The Lichfield poet Anna Seward calls her ‘the sublimated methodistic Hill Boothby who read her Bible in Hebrew.’

Hill Boothby’s nephew, Sir Brooke Boothby, was a linguist, translator, poet and friend of Jean-Jacques Rousseau. He was part of the intellectual and literary circle in Lichfield that included Anna Seward, Richard Lovell Edgeworth and Erasmus Darwin and of the Lunar Society. In 1803, he bought the 16th century Herkenrode stained glass for Lichfield Cathedral. But as a result of this extravagance he met economic disaster and he died in exile in Boulogne.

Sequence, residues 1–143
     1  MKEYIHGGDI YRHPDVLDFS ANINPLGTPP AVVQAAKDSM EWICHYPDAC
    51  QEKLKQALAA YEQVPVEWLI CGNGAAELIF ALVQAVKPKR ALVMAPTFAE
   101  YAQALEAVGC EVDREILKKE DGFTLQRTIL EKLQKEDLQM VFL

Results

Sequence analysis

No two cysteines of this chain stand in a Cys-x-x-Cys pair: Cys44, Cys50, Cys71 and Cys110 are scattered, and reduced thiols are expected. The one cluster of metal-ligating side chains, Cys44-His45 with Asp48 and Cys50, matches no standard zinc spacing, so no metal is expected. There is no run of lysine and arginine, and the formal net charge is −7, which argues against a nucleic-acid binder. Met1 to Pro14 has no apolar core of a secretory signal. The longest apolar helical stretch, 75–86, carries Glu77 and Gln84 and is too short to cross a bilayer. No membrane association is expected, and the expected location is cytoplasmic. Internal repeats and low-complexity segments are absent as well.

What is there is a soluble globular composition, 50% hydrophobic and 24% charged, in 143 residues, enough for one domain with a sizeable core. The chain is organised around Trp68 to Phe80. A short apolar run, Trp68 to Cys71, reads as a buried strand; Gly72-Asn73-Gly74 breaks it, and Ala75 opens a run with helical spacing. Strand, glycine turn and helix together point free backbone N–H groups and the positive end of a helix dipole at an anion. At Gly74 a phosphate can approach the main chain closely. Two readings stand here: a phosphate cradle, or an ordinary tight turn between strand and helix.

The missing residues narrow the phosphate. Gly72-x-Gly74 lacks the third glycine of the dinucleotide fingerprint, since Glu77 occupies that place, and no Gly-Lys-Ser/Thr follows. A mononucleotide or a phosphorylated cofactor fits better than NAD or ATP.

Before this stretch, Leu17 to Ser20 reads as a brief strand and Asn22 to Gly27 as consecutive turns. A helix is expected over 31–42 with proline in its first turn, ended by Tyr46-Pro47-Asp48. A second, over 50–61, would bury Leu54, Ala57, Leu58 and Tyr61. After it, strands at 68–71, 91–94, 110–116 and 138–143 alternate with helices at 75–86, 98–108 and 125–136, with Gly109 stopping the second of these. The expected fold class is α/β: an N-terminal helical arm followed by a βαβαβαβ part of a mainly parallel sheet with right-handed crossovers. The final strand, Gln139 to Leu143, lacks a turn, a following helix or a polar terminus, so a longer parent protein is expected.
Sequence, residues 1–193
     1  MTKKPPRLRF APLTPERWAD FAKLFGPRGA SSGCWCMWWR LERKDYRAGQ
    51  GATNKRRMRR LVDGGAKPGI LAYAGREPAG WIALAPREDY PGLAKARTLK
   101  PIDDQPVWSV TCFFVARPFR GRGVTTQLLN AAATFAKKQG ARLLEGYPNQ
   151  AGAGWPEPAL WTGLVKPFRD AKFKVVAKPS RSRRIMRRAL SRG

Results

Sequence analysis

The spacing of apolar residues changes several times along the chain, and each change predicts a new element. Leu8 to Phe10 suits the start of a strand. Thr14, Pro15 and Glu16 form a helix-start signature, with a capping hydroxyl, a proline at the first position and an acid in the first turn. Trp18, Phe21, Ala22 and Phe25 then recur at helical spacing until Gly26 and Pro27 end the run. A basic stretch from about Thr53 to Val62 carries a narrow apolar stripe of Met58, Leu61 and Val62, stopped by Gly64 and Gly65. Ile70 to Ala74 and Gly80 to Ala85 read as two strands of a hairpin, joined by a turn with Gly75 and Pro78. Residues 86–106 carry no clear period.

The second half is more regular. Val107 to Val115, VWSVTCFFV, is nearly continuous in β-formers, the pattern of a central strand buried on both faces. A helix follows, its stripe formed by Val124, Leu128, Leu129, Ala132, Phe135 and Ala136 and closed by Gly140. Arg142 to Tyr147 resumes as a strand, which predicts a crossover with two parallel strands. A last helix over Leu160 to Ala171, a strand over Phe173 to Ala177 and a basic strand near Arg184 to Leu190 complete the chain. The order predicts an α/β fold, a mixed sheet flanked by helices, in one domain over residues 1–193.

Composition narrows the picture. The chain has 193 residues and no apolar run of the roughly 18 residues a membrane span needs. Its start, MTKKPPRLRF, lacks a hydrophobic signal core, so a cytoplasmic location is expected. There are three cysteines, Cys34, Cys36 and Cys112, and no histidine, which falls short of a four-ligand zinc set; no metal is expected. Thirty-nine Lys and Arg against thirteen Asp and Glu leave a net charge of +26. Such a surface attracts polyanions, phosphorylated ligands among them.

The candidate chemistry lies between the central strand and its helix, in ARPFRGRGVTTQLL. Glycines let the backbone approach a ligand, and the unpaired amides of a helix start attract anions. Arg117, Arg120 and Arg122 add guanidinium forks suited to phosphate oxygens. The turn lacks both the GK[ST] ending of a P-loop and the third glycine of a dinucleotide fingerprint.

The Fitzherberts of Tissington were also ancestors of the Fitzherbert Wright family who built Swanwick in Derbyshire, the venue later this year for the annual conference of the Anglican mission agency USPG (United Society Partners in the Gospel).

Swanwick, the venue for this year’s USPG conference, was built by the Fitzherbert Wright family (Photograph: Patrick Comerford)